Debating accounting and sustainability: from incompatibility to rapprochement in the pursuit of corporate sustainability

Publikation: Beiträge in ZeitschriftenZeitschriftenaufsätzeForschungbegutachtet

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Purpose: This article explores and contrasts the views of two influential research projects within the social and environmental accounting space. Both projects advocate for sustainability. The first here referred to as the Critical Social and Environmental Accounting Project (CSEAP), was developed and championed by Rob Gray and calls for immediate radical structural change. The second one is called the Pragmatic Sustainability Management Accounting Project (PSMAP), championed by Stefan Schaltegger, and advocates for an entrepreneurial process of creating radical solutions in joint stakeholder collaboration over time. Design/methodology/approach: The paper is the culmination of a decade-long debate between Gray and Schaltegger as advocates of CSEAP and PSMAP, respectively. Specifically, the paper explores the differences and agreements between CSEAP and PSMAP on whether and how companies should pursue sustainability and the role of accounting in these efforts. The paper focusses on critical issues that exemplify the tension in their views: general goals, the role of structure and agency and how to creating change and transformation. Findings: The article contrasts CSEAP's uncompromising antagonising approach to accountability and fundamental systemic change with PSMAP's pragmatic approach to sustainability accounting with its management and entrepreneurship-orientated approach to change and unwavering support for transformative managers on the front lines. Despite their apparent differences, the paper also outlines areas of agreement between these two positions and how accounting and sustainability can move forward. Research limitations/implications: The debate tries to reconcile language and conceptional differences in the social and environmental accounting (SEA) and sustainability management accounting (SMA) communities to reduce confusion in the research space over what sustainability is for organisations and what role accounting plays in this. The authors hope that the tension between the different positions outlined in this paper generates new insights and positions on the topic. Practical implications: While the two views explored in this paper are primarily incompatible, each generates implications for practice, research and education. Debates like this are crucial to moving from discursive disagreement to creating a tolerant and robust foundation for moving forward and achieving much-needed sustainable transitions in the economy and society. Originality/value: The authors offer shared understandings, points of continuing disagreement and alternative views on the nature of sustainability. The debate forges a bridge of understanding where both sides can learn from each other.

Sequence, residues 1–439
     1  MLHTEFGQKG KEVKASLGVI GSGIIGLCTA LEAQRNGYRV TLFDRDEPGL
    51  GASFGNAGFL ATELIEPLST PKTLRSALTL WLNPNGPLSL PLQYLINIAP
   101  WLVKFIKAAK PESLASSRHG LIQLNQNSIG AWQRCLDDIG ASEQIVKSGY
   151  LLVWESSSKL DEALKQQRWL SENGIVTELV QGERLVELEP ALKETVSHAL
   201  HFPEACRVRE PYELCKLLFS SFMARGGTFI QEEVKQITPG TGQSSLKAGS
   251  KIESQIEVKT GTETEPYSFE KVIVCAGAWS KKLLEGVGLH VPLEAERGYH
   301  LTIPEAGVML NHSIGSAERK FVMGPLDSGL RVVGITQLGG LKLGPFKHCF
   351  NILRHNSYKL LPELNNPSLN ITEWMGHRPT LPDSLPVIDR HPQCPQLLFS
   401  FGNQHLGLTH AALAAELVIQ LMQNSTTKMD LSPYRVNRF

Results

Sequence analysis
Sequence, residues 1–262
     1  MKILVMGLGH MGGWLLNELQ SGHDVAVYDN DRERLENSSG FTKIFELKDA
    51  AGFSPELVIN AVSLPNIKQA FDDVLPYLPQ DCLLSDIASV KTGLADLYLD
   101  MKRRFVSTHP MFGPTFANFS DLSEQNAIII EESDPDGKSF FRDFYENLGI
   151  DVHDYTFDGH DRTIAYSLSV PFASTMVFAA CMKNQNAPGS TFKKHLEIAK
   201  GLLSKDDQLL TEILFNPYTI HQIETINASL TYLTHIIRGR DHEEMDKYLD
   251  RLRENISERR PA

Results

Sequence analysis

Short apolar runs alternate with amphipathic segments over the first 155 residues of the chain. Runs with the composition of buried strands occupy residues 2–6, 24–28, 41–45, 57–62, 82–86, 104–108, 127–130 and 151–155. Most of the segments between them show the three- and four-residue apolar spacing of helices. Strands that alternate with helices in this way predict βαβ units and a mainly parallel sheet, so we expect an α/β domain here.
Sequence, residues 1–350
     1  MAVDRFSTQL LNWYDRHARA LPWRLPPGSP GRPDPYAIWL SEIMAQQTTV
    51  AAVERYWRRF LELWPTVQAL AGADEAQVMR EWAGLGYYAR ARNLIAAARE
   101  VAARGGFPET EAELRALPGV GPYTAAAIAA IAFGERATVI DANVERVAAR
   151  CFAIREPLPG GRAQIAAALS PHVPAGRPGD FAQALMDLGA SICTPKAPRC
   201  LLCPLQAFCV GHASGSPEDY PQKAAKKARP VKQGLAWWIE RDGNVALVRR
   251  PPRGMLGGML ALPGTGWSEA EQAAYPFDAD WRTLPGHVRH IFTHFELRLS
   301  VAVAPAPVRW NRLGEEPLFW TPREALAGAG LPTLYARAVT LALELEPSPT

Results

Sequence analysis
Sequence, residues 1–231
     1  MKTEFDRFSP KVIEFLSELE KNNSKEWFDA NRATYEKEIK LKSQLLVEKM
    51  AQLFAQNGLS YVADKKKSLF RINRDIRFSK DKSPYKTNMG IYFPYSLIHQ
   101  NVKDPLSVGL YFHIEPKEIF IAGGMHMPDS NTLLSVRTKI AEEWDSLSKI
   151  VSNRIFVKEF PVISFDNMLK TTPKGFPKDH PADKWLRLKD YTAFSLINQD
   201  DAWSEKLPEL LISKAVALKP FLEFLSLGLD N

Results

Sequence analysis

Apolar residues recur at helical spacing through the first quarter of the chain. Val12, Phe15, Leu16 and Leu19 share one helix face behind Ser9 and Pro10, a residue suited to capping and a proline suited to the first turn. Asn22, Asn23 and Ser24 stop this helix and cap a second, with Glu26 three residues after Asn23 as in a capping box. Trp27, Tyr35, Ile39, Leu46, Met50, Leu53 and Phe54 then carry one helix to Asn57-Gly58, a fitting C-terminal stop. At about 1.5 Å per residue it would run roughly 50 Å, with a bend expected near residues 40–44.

OriginalspracheEnglisch
ZeitschriftAccounting, Auditing and Accountability Journal
Anzahl der Seiten29
ISSN0951-3574
DOIs
PublikationsstatusElektronische Veröffentlichung vor Drucklegung - 2022

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